Results: ACET with moxibustion did not modify circulating adipokines levels. However, correlations with anthropometric and biochemical parameters were affected. Interestingly, transcriptional changes in adipose tissue revealed the modulation of genes participating in homeostasis control, lipid metabolism, olfactory transduction, and gamma-aminobutyric acid signaling pathway.

Conclusions: The effects of ACET with moxibustion on body weight and insulin resistance were associated with the regulation of biochemical events that are altered in obesity.
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http://dx.doi.org/10.1089/acm.2015.0200DOI Listing
August 2016

PAX8 is transcribed aberrantly in cervical tumors and derived cell lines due to complex gene rearrangements.

Int J Oncol 2016 Jul 11;49(1):371-80. Epub 2016 May 11.

Laboratorio de Genómica Funcional, Unidad de Biomedicina, FES-Iztacala, UNAM, Tlalnepantla, México.

The transcription factor PAX8, a member of the paired box-containing gene family with an important role in embryogenesis of the kidney, thyroid gland and nervous system, has been described as a biomarker in tumors of the thyroid, parathyroid, kidney and thymus. The PAX8 gene gives rise to four isoforms, through alternative mRNA splicing, but the splicing pattern in tumors is not yet established. Cervical cancer has a positive expression of PAX8; however, there is no available data determining which PAX8 isoform or isoforms are present in cervical cancer tissues as well as in cervical carcinoma-derived cell lines. Instead of a differential pattern of splicing isoforms, we found numerous previously unreported PAX8 aberrant transcripts ranging from 378 to 542 bases and present in both cervical carcinoma-derived cell lines and tumor samples. This is the first report of PAX8 aberrant transcript production in cervical cancer. Reported PAX8 isoforms possess differential transactivation properties; therefore, besides being a helpful marker for detection of cancer, PAX8 isoforms can plausibly exert differential regulation properties during carcinogenesis.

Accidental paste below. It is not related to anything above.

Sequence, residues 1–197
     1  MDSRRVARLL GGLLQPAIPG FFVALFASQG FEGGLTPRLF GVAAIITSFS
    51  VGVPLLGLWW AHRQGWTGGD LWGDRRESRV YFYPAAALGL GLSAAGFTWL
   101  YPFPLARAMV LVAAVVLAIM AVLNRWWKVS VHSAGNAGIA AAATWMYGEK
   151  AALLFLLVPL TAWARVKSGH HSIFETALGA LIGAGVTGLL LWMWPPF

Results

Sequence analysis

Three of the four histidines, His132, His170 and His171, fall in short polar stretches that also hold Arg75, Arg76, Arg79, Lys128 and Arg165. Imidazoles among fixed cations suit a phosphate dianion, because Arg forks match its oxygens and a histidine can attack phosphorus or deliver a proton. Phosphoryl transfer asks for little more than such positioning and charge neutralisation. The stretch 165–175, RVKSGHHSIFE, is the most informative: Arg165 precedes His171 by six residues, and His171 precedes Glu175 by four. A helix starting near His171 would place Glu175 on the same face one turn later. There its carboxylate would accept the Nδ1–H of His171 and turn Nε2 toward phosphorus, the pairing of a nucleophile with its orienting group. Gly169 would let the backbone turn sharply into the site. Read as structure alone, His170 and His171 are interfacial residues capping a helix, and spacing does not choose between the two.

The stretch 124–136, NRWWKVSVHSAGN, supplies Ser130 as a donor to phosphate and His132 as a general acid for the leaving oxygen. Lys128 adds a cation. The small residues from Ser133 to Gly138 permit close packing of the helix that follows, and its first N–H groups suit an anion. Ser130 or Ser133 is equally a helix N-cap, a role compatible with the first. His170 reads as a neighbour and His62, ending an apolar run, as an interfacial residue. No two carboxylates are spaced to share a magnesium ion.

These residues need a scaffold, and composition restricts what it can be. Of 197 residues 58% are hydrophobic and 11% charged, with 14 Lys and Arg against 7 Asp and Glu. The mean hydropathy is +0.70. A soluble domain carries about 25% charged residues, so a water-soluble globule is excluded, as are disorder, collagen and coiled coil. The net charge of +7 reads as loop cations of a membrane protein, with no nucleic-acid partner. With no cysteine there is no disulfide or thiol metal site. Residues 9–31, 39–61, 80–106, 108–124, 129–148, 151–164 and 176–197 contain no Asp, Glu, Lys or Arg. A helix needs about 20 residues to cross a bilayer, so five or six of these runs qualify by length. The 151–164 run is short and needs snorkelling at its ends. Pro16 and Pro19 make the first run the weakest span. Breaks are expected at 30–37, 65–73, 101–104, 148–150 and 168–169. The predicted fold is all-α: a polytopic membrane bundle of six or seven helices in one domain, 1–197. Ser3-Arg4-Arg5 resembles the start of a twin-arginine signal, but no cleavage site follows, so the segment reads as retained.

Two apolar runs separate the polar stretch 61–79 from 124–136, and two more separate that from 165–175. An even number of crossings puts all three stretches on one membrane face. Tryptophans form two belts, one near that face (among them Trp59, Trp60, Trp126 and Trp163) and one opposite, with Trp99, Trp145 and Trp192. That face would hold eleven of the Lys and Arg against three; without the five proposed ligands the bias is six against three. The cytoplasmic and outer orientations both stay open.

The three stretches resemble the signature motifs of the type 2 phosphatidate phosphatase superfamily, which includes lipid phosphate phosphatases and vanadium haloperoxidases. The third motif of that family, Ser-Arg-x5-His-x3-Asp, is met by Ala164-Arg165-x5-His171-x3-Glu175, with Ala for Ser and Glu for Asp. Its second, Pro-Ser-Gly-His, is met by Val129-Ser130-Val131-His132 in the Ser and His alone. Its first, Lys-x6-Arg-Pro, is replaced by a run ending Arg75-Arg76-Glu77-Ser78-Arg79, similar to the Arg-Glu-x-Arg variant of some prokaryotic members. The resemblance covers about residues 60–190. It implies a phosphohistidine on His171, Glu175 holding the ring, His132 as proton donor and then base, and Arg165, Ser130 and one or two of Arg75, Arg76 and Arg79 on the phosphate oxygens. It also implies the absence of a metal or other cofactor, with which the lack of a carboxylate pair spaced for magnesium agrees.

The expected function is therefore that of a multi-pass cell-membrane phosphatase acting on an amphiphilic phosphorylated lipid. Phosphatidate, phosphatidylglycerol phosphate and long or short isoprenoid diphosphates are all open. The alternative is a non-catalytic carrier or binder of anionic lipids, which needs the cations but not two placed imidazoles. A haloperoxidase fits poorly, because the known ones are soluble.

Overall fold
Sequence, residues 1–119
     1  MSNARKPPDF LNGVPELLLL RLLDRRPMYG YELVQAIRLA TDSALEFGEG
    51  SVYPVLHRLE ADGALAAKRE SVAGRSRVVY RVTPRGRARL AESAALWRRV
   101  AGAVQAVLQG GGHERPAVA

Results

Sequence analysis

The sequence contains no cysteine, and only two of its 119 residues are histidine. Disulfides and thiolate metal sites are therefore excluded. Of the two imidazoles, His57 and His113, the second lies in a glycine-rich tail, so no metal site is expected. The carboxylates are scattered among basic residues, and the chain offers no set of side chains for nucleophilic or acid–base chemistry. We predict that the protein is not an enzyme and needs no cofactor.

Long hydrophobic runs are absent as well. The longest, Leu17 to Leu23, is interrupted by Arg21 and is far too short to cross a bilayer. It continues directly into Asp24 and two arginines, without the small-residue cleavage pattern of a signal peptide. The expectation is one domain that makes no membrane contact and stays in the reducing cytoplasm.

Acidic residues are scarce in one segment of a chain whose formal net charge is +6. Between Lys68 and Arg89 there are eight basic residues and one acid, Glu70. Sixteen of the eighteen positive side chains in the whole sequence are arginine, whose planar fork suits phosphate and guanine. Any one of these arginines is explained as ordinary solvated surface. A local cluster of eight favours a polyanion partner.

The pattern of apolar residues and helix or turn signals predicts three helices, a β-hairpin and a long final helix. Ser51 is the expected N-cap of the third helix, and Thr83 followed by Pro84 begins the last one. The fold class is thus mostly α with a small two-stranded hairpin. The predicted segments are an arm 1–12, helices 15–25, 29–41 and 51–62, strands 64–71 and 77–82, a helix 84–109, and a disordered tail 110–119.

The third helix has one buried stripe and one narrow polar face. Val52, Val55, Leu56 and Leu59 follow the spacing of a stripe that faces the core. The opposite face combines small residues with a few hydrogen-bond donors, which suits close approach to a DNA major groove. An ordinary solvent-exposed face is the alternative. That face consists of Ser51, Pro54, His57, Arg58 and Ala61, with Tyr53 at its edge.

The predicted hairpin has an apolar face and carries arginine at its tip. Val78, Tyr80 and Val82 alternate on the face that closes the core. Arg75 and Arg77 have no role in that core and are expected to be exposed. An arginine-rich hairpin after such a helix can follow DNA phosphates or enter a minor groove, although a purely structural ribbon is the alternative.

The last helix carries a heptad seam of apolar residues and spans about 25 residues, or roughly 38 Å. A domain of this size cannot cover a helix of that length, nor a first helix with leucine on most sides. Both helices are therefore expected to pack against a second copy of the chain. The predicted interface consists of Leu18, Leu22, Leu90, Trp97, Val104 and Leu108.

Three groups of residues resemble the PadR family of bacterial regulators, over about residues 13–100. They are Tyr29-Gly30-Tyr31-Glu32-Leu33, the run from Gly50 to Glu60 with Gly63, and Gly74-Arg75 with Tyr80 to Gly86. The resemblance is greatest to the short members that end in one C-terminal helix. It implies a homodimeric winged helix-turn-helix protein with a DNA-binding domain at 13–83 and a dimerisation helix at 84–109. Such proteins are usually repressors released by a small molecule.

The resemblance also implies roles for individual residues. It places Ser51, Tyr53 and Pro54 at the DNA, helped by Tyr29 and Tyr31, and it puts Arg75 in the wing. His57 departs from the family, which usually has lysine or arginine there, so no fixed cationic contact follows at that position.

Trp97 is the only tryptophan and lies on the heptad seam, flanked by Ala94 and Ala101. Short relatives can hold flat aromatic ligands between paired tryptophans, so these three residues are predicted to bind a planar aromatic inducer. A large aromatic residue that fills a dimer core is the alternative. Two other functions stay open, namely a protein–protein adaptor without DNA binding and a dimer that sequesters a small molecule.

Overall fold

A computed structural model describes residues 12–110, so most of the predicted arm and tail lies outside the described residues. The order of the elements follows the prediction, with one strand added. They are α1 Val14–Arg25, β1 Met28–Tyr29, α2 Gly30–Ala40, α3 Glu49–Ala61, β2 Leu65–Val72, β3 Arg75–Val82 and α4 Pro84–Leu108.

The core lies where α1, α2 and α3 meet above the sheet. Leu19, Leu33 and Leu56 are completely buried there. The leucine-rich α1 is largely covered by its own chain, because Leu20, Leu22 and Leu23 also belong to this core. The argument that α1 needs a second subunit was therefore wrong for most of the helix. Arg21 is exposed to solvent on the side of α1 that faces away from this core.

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http://dx.doi.org/10.3892/ijo.2016.3515DOI Listing
July 2016

MicroRNAs in cervical cancer: evidences for a miRNA profile deregulated by HPV and its impact on radio-resistance.

Molecules 2014 May 16;19(5):6263-81. Epub 2014 May 16.

Instituto Nacional de Cancerología, Laboratorio de Genómica, Mexico DF 14080, Mexico.